Sunday, September 16, 2007

interesting little episode

First of all, let me advise you to never stop at a grocery store with which you're not familiar, just to save time because it's "right on your way".

That's what we did after the funeral yesterday.  From the outside, it was huge, so you'd figure they had any brand of grocery item you might want; it was also a Price-Chopper; I have a Chopper-Shopper card.  I figured I'd go in, get my six items, and we'd be on our way.

They didn't have two of my items..  And of course, we wandered all over this huge store, back and forth, to get the items they did stock.

Sugar-free Jello was one of the things we actually found (Cliff's favorite heart-healthy dessert), and as the tall, swarthy clerk scanned our items, he held up a box of the Jello and said with a smile, "What's actually in this stuff, do you know?"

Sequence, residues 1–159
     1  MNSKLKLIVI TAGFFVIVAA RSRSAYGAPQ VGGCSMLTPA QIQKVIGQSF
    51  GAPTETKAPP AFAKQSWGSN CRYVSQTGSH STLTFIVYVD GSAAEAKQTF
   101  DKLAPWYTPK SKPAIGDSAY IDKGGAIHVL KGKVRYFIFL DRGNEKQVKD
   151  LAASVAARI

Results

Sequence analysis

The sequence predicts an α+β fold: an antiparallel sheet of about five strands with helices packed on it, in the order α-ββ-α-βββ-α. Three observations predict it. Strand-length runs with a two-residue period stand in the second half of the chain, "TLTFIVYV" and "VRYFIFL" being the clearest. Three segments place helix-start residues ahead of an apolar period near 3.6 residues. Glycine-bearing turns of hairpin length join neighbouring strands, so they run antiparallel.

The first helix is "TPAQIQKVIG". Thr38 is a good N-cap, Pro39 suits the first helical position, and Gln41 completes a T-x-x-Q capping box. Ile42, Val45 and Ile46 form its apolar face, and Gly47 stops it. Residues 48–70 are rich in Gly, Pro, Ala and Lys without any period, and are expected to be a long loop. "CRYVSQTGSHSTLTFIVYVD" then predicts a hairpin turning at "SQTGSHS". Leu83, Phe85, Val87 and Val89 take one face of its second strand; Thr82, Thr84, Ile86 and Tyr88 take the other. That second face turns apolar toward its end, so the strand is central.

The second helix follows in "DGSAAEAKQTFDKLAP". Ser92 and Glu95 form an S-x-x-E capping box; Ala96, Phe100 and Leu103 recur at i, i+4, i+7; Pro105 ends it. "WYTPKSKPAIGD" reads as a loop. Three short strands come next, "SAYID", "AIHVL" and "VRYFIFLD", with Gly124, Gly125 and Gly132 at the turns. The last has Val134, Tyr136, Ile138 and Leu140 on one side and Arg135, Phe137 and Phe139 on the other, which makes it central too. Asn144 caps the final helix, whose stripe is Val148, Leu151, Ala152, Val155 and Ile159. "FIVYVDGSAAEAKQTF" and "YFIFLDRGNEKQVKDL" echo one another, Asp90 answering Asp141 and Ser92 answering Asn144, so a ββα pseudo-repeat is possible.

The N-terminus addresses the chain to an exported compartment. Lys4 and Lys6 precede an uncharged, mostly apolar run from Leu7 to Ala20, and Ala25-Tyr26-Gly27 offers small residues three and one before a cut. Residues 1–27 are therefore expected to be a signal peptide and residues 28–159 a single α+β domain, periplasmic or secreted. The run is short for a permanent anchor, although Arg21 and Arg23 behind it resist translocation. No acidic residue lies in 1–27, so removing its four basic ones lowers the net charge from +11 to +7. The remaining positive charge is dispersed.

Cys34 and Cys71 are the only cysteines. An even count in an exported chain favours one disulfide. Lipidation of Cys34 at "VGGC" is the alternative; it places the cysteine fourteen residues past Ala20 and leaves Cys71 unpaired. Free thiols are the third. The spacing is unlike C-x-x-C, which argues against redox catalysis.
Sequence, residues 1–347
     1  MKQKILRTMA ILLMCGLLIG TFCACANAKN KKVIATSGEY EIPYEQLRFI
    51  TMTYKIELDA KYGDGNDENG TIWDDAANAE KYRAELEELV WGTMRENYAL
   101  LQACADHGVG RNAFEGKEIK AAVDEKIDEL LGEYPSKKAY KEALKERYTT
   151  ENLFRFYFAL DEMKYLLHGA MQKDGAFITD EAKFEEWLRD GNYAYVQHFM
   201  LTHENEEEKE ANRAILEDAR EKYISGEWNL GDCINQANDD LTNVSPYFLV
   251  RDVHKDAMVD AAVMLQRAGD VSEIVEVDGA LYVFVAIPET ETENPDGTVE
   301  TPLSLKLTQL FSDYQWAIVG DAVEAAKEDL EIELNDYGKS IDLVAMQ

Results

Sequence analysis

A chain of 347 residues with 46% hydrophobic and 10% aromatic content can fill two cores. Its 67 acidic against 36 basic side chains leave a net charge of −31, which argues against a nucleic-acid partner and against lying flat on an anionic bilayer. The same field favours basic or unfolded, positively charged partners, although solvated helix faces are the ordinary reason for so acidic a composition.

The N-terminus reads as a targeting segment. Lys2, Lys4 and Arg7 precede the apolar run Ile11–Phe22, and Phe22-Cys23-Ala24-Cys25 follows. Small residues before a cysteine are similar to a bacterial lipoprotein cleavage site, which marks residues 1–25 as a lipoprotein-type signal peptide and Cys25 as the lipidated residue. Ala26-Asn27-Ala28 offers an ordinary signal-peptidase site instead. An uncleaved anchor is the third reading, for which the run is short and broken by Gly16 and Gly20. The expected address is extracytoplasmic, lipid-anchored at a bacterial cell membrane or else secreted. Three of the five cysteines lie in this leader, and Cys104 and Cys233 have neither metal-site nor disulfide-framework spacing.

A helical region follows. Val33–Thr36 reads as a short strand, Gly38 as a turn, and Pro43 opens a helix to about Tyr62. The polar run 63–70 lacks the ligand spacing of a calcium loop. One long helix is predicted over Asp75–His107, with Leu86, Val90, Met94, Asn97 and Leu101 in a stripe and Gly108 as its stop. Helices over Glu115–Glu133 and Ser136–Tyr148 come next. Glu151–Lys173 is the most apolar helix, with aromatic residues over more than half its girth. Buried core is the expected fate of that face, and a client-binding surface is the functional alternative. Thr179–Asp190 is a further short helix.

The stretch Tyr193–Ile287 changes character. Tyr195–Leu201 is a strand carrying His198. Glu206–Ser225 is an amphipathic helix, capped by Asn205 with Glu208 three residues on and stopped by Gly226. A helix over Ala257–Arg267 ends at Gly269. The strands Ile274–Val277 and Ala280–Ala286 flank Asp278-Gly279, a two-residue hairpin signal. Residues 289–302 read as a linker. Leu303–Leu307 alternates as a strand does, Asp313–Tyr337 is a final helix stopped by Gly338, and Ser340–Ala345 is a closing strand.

"Well," I said, "unless they've found a different way to make gelatin these days, it's made from cow's hooves."

His smile totally faded, and he said, "... and pig's hooves?"

I immediately realized why he was interested in knowing.  Although he had a mere trace of an accent, he was from a middle-eastern country.  Muslims don't eat pork.  I glanced at his name tag, which confirmed that he was indeed from such a country; I think the name was Adir.

Cliff and I replied, almost in unison, "No, just cows' hooves."

Of course, I couldn't help wondering if we were steering him wrong.

But he said, "I'm glad I stopped eating that!"